For example, in the technological and rational society from which Nawami Fang Tai comes, the numinous is still present, as evidenced by the fact that she and her mother attend the reading of the Arcane repeatedtly. This tension also affects the configuration of the feminine mythology on the planet. At first, the story seems to fall into a simple reversal of the hierarchy of genders—in this case, women have the power, while men are subordinate—and the reformulation of gender stereotypes: women are resolute, powerful and aggressive, while men are submissive. This strategy, in Mirta Rímolo de Rienzi’s view, shows the relativity of the gender system, though, ultimately, “deconstructing gender stereotypes simply reverses the polarization of the binary male/female, and simultaneously confirms that all men and women, human and post-human, are subject to the central power” (193). In my opinion, Barceló deals with gender issues in a far more sophisticated way. On the one hand, the reversion of the male/female binary is not devoid of criticism, as shown in Nawami Fang Tai’s reflections on the social system of the planet she visits on her lethal mission:

What a strange people! Some dominate others for the simple reason of being born with an unchanging sex. Men are slaves of women and they are proud of it. Is it so important being born male or female? Will there be any difference between them by birth and unprovoked by education? I don’t know. There are many things I do not know and I do not know if I want to get to know them. (125)

Nawami concludes her reflection by rejecting any further analysis of this situation to focus on her professional and personal goals: to kill the Untouchable and to find her mother: “Then I’ll kill her, go back to my world and start looking for Tai Fang Djem” (127). As happens, both objectives are the same thing, since the Untouchable turns out to be Nawami’s mother. Like her daughter, Tai Fang Djem was an efficient killer recruited by the Intergalactic Confederation to eliminate the previous priestess. After completing her mission, she was abandoned on the planet and ended up replacing the murdered priestess. I would stress that the encounter with the mother and the exploration of the mother-daughter bond precisely challenge the subordination to the central power to which Rímolo de Rienzi refers. Simultaneously, the encounter between priestess and killer, mother and daughter, erodes the traditional idea of motherhood and matriarchy.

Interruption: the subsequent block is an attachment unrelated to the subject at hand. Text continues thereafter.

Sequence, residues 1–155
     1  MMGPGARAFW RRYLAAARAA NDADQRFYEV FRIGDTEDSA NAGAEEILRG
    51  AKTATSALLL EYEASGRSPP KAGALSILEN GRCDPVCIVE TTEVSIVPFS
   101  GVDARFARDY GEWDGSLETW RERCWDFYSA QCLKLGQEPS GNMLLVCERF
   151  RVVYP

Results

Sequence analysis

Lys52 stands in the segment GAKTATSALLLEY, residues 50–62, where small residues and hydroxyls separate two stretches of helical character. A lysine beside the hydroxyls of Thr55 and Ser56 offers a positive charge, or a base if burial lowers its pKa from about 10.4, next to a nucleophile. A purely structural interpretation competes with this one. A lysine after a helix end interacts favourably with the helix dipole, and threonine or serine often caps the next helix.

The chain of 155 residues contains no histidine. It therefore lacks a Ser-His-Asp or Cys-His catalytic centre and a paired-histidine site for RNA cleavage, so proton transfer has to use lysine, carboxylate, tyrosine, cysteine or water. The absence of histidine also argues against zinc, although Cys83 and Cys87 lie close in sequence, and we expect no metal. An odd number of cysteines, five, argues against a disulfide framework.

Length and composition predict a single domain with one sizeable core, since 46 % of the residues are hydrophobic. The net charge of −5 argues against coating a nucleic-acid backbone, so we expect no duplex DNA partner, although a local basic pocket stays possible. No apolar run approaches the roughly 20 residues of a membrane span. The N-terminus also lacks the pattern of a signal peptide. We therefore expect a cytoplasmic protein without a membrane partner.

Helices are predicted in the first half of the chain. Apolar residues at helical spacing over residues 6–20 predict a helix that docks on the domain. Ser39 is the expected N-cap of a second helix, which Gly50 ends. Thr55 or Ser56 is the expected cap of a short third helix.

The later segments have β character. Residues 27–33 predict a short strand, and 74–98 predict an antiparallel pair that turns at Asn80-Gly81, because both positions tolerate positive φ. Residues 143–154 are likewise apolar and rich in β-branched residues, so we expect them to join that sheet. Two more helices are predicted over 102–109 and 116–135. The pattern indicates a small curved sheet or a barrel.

Both Tai Fang Djem and Nawami Fang Tai are professional assassins, instruments of higher powers, who operate in a strictly organized society to which they are subjugated. In this context—and from the start of the story, which focuses on Tai Fang Djem—it is evident that motherhood is far from being the subject of celebration and exaltation of the essential feminine. Instead, it is configured as a space of resistance to the ambiguous dynamics of that society.

As we learn at the start of the novel, Tai Fang Djem belongs to a social class (“State children”) whose members can only exercise technical professions (intergalactic pilots, mining engineers, etc.) and who are not allowed to have children, since the State regulates human reproduction and only the wealthier citizens have access to this privilege. Though it is not explicit, this policy seems to be accompanied by a more drastic measure, because Tai Fang Djem, “like all State children, was infertile” (34). Her professionalization as a giver of death allows her to earn a fortune that, ironically, finally enables Tai Fang Djem to become a mother, a life-giving being. The connection between the capacity to give life/death, on which the mother/daughter bond is based, not only overturns the conventional notions of motherhood, but also works as a mechanism of bodily control that empowers the subject. Thus, Tai Fang Djem’s decision to gestate Nawami Tai Fang in her body—a practice regarded as “monstrous primitivism” (35) by her society—runs parallel to the act of receiving death from her daughter, an individual choice that allows her to resist the destiny imposed by the Confederation. This is shown in a conversation between Nawami and the priestess:

“Do you not want to come with me? Do you not want to leave?” ...
“What do you think I have wanted during the last two hundred and twenty years, every day and every endless night I have spent locked in this volcano? What do you think I’ve lived for, rather than to wait for a dignified and beautiful death instead of throwing myself into one of these wells or letting myself die of weakness and despair? I was waiting for you, you or another killer from our world to give me the death that I have the right to. They have taken everything from me but that. And finally my time has come. You’re here. (153)

Individual choice here undermines the exalted and conventional vision of motherhood as a biological fact, something that is clear in the artificial conception of Nawami Fang Tai, her partial gestation in the body of her mother, and her birth without labor. At the same time, the connection underpinning the bond between the two women is traversed by intense emotion. Thus, when the Untouchable is certain that Nawami Fang Tai has come, she says: “With love Tai Fang Djem had given her life. With love her daughter, Nawami Fang Tai, would give her death” (157). Indeed, death allows them to recover the link broken by the intervention of the Confederation, as we can see in the scene of Tai Fang Djem’s death: